The Animal and Plant Quarantine Agency (APQA) of South Korea has released its animal research numbers for 2017. We spoke to the Animal Protection & Welfare Division and have been able to get a translated copy of these figures. The tables below were produced by the APQA, and we thank Dr Moon for providing these figures. For more information of animal research around the world see our Worldwide Statistics page.
In 2017, South Korea used 3,085,259 animals in research, up 7.2% from the previous year.
Over 97% of animals were rodents (mainly mice and rats), fish and birds. There were rises in rodents (+8%), birds (+32%) and amphibians (+50%) and falls in fish (-13%), rabbits (-3%) and primates (-6%).
Primates accounted for just 0.08% of all animals used.
South Korea continues to produce severity statistics, similar to those in Europe. 5.3% of research showed no harm to the animal, 28.1% was mild, 33.2% was moderate and was 33.3% severe. This is very similar to last year’s figures. The grading works (approximately) as follows:
- Grade B: Breeding (Genetically altered and normal) and maintenance of vertebrate animals
- Grade C: Experiments that do not involve pain or suffering, and do not require anesthetics or analgesics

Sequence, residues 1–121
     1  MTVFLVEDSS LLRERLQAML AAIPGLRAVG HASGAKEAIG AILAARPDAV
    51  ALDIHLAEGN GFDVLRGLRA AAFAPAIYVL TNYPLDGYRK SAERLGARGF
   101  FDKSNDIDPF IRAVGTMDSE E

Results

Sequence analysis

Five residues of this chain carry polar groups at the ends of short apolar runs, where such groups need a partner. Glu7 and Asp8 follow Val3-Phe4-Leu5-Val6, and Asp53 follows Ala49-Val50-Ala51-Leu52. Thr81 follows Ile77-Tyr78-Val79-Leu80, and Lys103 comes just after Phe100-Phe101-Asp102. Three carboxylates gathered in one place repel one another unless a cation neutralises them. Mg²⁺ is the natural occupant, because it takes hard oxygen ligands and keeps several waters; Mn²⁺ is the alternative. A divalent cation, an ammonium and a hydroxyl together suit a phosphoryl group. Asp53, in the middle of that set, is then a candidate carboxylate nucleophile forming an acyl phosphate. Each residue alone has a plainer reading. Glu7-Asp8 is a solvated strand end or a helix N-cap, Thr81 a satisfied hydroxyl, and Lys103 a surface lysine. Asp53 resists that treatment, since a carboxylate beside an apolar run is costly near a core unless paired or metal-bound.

- Grade D: Experiments that may involve pain or suffering that is alleviated through anesthetics and/or analgesics
- Grade E: Experiments that may involve pain or suffering that is not alleviated through anesthetics and/or analgesics
The number of animals used in research has continued to rise steadily over the last decade, up 305%, rising at a fairly steady rate of over 250,000 animals per year. To see why, take a look at a graph, produced by Nature, on the growth of R&D in South Korea over the same period.
The huge rise in spending on basic and applied research means that animal experiments were likely to rise (and did) over the same period. In 2013, South Korea had more researchers per thousand people in employment (12.84) than Japan (10.19), the USA (8.81) or Germany (8.54). Medical and health sciences were the largest discipline (by publications) in South Korea (see Nature article).
See previous years’ reports: